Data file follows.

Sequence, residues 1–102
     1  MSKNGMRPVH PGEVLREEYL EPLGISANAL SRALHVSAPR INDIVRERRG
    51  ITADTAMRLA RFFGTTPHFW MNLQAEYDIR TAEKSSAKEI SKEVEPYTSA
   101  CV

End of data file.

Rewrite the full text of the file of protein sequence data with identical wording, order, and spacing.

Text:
Sequence, residues 1–102
     1  MSKNGMRPVH PGEVLREEYL EPLGISANAL SRALHVSAPR INDIVRERRG
    51  ITADTAMRLA RFFGTTPHFW MNLQAEYDIR TAEKSSAKEI SKEVEPYTSA
   101  CV